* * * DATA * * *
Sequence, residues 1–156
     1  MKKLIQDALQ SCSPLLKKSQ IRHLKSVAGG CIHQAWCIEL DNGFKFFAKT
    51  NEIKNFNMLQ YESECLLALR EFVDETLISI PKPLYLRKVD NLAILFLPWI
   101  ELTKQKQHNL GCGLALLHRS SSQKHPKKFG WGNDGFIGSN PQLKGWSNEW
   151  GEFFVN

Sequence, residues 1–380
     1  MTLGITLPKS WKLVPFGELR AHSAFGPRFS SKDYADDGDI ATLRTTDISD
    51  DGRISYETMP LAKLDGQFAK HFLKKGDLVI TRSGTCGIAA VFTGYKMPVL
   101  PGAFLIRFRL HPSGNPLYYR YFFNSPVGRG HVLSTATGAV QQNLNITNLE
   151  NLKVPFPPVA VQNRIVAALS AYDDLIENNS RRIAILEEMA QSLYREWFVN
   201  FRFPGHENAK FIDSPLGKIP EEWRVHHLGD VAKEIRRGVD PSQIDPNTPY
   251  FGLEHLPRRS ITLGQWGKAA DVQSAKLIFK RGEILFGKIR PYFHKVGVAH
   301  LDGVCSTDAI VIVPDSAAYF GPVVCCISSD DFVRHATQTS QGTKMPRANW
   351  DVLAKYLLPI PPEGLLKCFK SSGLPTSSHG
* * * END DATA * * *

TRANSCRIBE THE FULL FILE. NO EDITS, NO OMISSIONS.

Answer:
Sequence, residues 1–156
     1  MKKLIQDALQ SCSPLLKKSQ IRHLKSVAGG CIHQAWCIEL DNGFKFFAKT
    51  NEIKNFNMLQ YESECLLALR EFVDETLISI PKPLYLRKVD NLAILFLPWI
   101  ELTKQKQHNL GCGLALLHRS SSQKHPKKFG WGNDGFIGSN PQLKGWSNEW
   151  GEFFVN

Sequence, residues 1–380
     1  MTLGITLPKS WKLVPFGELR AHSAFGPRFS SKDYADDGDI ATLRTTDISD
    51  DGRISYETMP LAKLDGQFAK HFLKKGDLVI TRSGTCGIAA VFTGYKMPVL
   101  PGAFLIRFRL HPSGNPLYYR YFFNSPVGRG HVLSTATGAV QQNLNITNLE
   151  NLKVPFPPVA VQNRIVAALS AYDDLIENNS RRIAILEEMA QSLYREWFVN
   201  FRFPGHENAK FIDSPLGKIP EEWRVHHLGD VAKEIRRGVD PSQIDPNTPY
   251  FGLEHLPRRS ITLGQWGKAA DVQSAKLIFK RGEILFGKIR PYFHKVGVAH
   301  LDGVCSTDAI VIVPDSAAYF GPVVCCISSD DFVRHATQTS QGTKMPRANW
   351  DVLAKYLLPI PPEGLLKCFK SSGLPTSSHG